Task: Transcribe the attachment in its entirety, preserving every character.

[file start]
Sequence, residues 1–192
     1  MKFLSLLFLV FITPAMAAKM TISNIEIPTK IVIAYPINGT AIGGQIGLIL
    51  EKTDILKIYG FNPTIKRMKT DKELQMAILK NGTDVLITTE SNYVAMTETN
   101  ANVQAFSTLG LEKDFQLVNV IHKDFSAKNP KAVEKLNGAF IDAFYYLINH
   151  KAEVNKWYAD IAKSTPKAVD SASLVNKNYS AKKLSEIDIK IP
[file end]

Sequence, residues 1–192
     1  MKFLSLLFLV FITPAMAAKM TISNIEIPTK IVIAYPINGT AIGGQIGLIL
    51  EKTDILKIYG FNPTIKRMKT DKELQMAILK NGTDVLITTE SNYVAMTETN
   101  ANVQAFSTLG LEKDFQLVNV IHKDFSAKNP KAVEKLNGAF IDAFYYLINH
   151  KAEVNKWYAD IAKSTPKAVD SASLVNKNYS AKKLSEIDIK IP